BANGOR, Maine — David Slagger of Kenduskeag was visiting his bank last month when a framed sketch depicting an early 19th century streetscape in downtown Bangor caught his eye.
In the background of the print, which was yellowed with age, he could see a portion of the Bangor House, once one of Bangor’s premier hotels.
The imposing brick structure located at the corner of Union and Main streets was built in the 1830s and housed travelers through the late 1970s. At that time, it was converted to an apartment complex for the elderly and people with handicaps.
In the foreground of the print was the former Mercantile National Bank building, which later became the home of the Penobscot Savings Bank. That structure was razed during the urban renewal movement of the 1960s.
The artwork, as Slagger would discover after he took it home and removed it from the frame, was part of a much larger document -— one with many other connections to Bangor’s early history.
The sketch was among several that the TD Banknorth branch on Union Street was selling as part of a two-week silent auction to raise funds for the Special Olympics, branch manager Michelle Cobb said Monday.
Cobb said workers had taken down several pieces of art during recent renovations at some of the company’s older branches.
“We decided to dust them off and put them in the auction as a way to raise money for the Special Olympics,” she said.
Slagger said he wanted to buy the sketch as a present for his wife, Priscilla Slagger, who is the resident services coordinator at the Bangor House.
The high bid at the time he placed his bid was $20, he said, adding, “People looked at it, probably, and said, ‘Who would want a nasty old thing like that?’ But when I saw it, I said. ‘This is so cool.’”
So he placed a $40 bid.
“He was the lucky winner,” Cobb said.
When Slagger took the sketch home and opened the back of the frame in search of some information about the drawing, an “Antiques Roadshow” kind of moment began to unfold for him.
What he had thought was a small sketch of the hotel and bank turned out to be part of a larger document — a relatively rare 1835 copy of a piano composition called “Bangor March,” “composed and arranged for pianoforte” by Oliver J. Shaw, a blind composer of hymn tunes and ballads.
Slagger took the documents and frame around the city in search of more information.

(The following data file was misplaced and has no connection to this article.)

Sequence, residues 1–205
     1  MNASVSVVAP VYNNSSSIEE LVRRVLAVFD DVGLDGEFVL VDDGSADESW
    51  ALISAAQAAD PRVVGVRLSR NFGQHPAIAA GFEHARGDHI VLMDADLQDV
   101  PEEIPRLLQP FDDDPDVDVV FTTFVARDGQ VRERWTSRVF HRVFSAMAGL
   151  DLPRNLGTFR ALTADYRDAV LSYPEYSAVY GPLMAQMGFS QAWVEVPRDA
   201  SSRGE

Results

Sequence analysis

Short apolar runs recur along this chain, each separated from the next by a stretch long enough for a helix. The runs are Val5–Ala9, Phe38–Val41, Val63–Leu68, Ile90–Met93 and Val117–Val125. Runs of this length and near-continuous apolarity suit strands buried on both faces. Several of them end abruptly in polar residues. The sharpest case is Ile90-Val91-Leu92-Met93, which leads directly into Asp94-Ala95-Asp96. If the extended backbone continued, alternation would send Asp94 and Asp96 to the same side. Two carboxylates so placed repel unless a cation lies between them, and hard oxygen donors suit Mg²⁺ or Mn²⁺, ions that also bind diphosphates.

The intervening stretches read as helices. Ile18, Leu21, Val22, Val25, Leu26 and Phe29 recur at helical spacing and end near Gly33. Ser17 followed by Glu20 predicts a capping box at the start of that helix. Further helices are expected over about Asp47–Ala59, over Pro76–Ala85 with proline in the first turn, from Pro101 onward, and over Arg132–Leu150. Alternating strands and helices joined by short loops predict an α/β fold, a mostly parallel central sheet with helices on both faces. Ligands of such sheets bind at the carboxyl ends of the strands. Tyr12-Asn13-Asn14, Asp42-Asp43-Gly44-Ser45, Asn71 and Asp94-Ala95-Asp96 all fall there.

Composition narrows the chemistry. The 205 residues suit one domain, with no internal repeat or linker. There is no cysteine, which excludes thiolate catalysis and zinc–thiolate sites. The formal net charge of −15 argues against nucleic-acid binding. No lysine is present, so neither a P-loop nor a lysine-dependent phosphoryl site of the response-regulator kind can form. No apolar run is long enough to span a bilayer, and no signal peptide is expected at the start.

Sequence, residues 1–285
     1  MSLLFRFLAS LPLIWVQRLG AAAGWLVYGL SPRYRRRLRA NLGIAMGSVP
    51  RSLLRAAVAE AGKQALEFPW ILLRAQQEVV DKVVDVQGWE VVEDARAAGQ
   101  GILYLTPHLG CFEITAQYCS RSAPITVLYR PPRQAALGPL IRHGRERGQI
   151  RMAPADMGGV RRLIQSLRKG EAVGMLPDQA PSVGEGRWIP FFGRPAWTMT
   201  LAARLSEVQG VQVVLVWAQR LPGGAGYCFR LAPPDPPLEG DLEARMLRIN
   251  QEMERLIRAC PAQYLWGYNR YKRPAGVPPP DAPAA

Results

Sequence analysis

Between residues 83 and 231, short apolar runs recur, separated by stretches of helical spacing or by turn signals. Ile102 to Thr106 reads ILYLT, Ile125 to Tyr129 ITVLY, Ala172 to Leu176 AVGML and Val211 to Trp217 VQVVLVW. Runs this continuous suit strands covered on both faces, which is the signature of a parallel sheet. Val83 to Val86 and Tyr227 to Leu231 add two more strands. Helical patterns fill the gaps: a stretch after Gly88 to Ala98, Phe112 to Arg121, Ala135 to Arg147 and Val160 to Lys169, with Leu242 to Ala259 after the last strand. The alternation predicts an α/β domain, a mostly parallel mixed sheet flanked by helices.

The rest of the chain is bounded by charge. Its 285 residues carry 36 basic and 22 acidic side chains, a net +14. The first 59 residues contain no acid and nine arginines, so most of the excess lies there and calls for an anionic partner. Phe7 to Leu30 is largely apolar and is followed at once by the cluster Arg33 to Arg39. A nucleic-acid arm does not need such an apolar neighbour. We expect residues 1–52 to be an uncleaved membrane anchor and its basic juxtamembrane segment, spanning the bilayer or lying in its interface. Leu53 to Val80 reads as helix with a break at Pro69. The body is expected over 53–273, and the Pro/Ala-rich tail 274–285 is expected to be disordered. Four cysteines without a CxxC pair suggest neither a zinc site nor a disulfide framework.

Shaw, who was born in 1779 and died in 1848, was one of this nation’s first composers and lived and worked in Boston and Providence, R.I., according to several scholarly sources, including the International Music Score Library Project and the archives of the University of Maryland.
“Bangor March,” a classical piece, was dedicated to his friend Samuel P. Dutton, who was a member of one of the Queen City’s early families and an incorporator of Mount Hope Cemetery.
Also tucked inside the frame was an April 28, 1964, letter from Alden Head, owner of Alden Fairfield Head Travel, to George Prince of Penobscot Savings Bank.
A local man “told me that the old Mercantile National Bank Building was once the home of the Penobscot Savings Bank and you would be interested in having a picture of it,” Head wrote.
“The Bangor House Annex was built in 1833, shown in the background. This sketch appeared on the cover of a piece of music published in 1835. This will give you a slant on the age of the building,” he wrote.
After a few more paragraphs about changes to the building over the decades, Head noted that the former bank building last had been owned by the Brown & White Paper Co. and he explained how the sketch had been found there in the mid-1940s.
“Facing the building to the left of the front door, the wall has a distinct curve, and in this curve was a straight radiator. In 1945, when the interior was painted, the radiator was removed and this picture was discovered behind it. It must have been there for 20-odd years.”
Though not extremely rare, the sheet music Slagger found is proving to be of interest locally.
The Bangor Museum and History Museum has only one intact copy though it does have a few partial copies, said curator Dana Lippitt.
“We have [the equivalent of] 2½ copies,” Lippitt said.
“I think they’re fairly rare because paper gets deteriorated or torn,” she said, noting that the document predates the Civil War and that the music was published about the time Bangor was growing large enough to be incorporated as a city.
While the old score may not be worth a lot in dollar value, Lippitt said that it is an interesting find and that she shares Slagger’s excitement.
“It’s kind of exciting,” she said. “It’s fun because he didn’t know what he had until after he brought it home.”
Slagger agreed: “From a local perspective, I think it’s priceless because this is a part of Bangor’s history.”
Jennifer Ryan of Bangor Frameworks said last week that after Slagger brought the document and frame to the downtown shop, she remounted, rematted and reframed the cover sheet in acid-free archival-quality museum paper and put it back in the frame it arrived in.
“It’s old,” Ryan said of the frame. “It’s over 100 years old.” She said, however, that it does not appear to have been manufactured in the 1830s, when styles were much more ornate.
Though there were no marks or wording to help determine when the copy of “Bangor March” was framed, she noted it is common to find old documents in antique frames. Head’s letter, however, led her to suspect the composition was framed in the 1960s.
Regardless of its exact age, Slagger is pleased with his find.
“This old frame adds so much character. It’s so old and cool-looking,” said Slagger, 48, who works for the U.S. Census Bureau office in Bangor. “Being born in Bangor, Maine, I have an interest in this area.”
Slagger said the Bangor Public Library, which doesn’t have a copy of “Bangor March,” asked if he would donate it, but he decided not to after consulting Priscilla.
“My wife and I are going to keep it,” he said.